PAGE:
During this year’s E3, I saw the largest screen I’d ever witnessed, folded around the corner of a building like a giant piece of glowing paper. It told me to buy Nike. LA is already the neon futuretown of California, never mind Night City. But I didn’t just see ads for shoes at the LA convention centre, I saw a lot of games too. From the bustling streets of Cyberpunk 2077 to the twisting tornadoes of Just Cause 4. From the crumbling Capitol of The Division 2 to the clumsy motorcycling of Trials Rising. Here are my highlights from the game industry’s annual festival of bullets and colour, the sci-fi dystopia that was with us all along. Read the rest of this entry »
Blinded by the light
A room full of mannequins is rarely a safe place in videogames, but in Dying Light 2 it looks especially unnerving. Welcome to a zombie nest, where dozens of shamblers sleep during the day, huddling together in the shade of an abandoned clothes shop. They sleep upright, like decomposing commuters nodding off in a packed tube carriage. The best thing to do when you enter one of these “dark places” is to stay low, quiet and – oh god they’re awake get out get out leap through the window climb a drainpipe throw yourself through that door get back to the sunlight go go go. Read the rest of this entry »
Flip burgers and fight the undead
Recover from the rampant commercialism of E3 with some free games! Below you’ll find a puzzle game about love and making the right connection, a wacky platformer where you are a hatched human looking to get to the castle, and an interactive poem explaining why one person cries. If those concepts don’t pique your interest, you can run a restaurant and fight off zombies at the same time, or check out a single person’s daily routine as it cycles through. Explore this week’s five free games and see what you find. Read the rest of this entry »
The mother of all questions
When it comes to building your own PC, there are some bits of the upgrade process that are easier to work out than others. Picking the best graphics card for your system is pretty easy, as is deciding which CPU you want to go for. The hard part is finding the right motherboard for everything you’ve just bought.
We’re here to help. Below, you’ll find an in-depth guide of which motherboards are compatible with which CPUs, as well as everything you need to know about all the different types of chipsets and sockets you’ll see when buying a new motherboard. If you’re thinking about making the jump to Intel’s new 8th Gen Coffee Lake processors, or fancy one of AMD’s Ryzen+ chips but don’t know which motherboard you should get, read on.
Read the rest of this entry »
From reformed pagans to unreformed sharks
The Paradox DLC factory continues to diligently extend the lives of its myriad grand strategy romps, with all but Stellaris getting new DLC announcements at PDXCON last month. We’re getting restless pagan warriors, war elephants and even some sharks. If you can match the feature to the game, you get a polite nod of respect.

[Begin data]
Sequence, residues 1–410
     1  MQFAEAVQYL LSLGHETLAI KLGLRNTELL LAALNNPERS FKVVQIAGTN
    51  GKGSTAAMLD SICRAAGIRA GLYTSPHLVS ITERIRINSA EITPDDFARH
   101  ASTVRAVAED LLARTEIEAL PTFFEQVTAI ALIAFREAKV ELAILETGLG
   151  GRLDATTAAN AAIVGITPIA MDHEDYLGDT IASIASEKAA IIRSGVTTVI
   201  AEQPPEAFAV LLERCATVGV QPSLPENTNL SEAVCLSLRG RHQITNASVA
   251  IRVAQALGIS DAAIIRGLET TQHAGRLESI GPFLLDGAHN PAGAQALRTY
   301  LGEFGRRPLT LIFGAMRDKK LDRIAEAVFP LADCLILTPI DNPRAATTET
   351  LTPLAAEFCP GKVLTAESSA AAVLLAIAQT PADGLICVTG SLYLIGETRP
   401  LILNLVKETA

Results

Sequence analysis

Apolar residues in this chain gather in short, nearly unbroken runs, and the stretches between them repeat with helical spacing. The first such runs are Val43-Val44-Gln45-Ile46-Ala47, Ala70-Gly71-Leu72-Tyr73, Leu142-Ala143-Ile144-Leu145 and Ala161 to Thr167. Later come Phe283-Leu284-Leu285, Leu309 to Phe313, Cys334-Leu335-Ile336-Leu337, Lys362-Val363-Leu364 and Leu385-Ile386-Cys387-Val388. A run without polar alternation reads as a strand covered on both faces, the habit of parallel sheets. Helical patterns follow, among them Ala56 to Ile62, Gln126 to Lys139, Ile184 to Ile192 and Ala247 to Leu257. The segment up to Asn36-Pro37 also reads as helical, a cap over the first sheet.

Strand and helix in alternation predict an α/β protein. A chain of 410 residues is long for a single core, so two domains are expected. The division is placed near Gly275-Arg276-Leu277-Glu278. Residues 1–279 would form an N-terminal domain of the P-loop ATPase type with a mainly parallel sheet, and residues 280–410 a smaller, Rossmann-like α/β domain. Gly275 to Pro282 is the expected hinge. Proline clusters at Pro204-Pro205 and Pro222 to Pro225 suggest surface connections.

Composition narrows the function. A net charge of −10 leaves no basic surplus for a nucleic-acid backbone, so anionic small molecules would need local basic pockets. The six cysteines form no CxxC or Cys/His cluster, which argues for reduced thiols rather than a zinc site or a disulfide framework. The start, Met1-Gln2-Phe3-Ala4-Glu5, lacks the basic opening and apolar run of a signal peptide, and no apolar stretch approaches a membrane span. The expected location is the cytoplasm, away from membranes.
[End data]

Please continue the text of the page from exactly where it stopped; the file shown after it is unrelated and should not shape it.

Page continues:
Rather than tiring you out, making you click on three articles like a thoughtless task master, I’ve gathered all the sizzling deets in one place. Rest those fingers and direct your eyes below to find out what’s changing in Hearts of Iron 4, Europa Universalis 4 and Crusader Kings 2.
Read the rest of this entry »
Including Yakuza on PC at last
Well, that was E3. Another year down, and it feels like a good one. Let’s cap the week off with another roundup of the week’s best gaming deals to check out – and now, excitingly, I can talk about the Yakuza series, so that’s nice. Everything becomes a PC game eventually.
As usual, we’ve got deals that’ll work in the UK, deals that’ll work in the US and some deals that will work in both the UK and US, as well as presumably many other places. Let’s get started. Read the rest of this entry »
Mira Tannhauser really, really loves buses
Forget Newell’s billions, Plunkbat and whichever indie renaissance is currently happening: the real success story of Steam, over the years, is superficially dour and highly-specific vehicle simulations finding large audiences who have very little interest in steering torque or rim patterns. I have filled these pages with paeans to American Truck Simulator‘s soul-searching road odysseys, to the hypnotic satisfaction of stripping parts in Car Mechanic Simulator 2018, and even to the rhythmic, weirdly cyberpunk otherness of casting lines and gutting trout in Fishing: Barents Sea.
I’d had gentle hope that Bus Simulator 2018 might similarly be more than the sum of its dry, mass transit parts, but actually playing the thing reveals a game working overtime to be charming. This is a bus-driving game that is absolutely delighted to be a bus-driving game, and wants me to feel the same way. And y’know what? I think I do. And it’s all thanks to Mira Tannhauser, the world’s number one fan of being on a bus.
Read the rest of this entry »
Pro-bably not the best use of your money
For those after the very best that NVMe SSDs have to offer, Samsung’s Pro line has often been the go-to choice for workstation and power peeps alike. They’re usually faster than their more consumer and wallet-friendly Evo SSD siblings, and often come with higher endurance ratings for all that inevitable heavy-lifting they’ll be doing once you’ve popped them into your PC.
Today, I have Samsung’s latest, the 970 Pro. Big brother to the 970 Evo, this particular NVMe SSD comes in just two sizes this time round – 512GB and 1TB – and I’ve got one of the former. Let’s see if it’s worth the extra moolah.
Read the rest of this entry »
New game+, story and survival modes
Goodness me, I’d forgotten how brilliant the opening of Prey is. Bluffs and misdirects, some delivered on immediately, others saving surprises up for later, it’s an ever-backward-pulling camera as your complex situation begins to dawn upon you.
And thank goodness it is quite so good, because if you want to play Prey’s New Game+, or it’s Story Mode, you’re going to have to go through it in its vanilla mode before you can see the differences. There’s just some question about how much either adds. As for Survival Mode – well, it’s great, but it’s not a survival mode. Read the rest of this entry »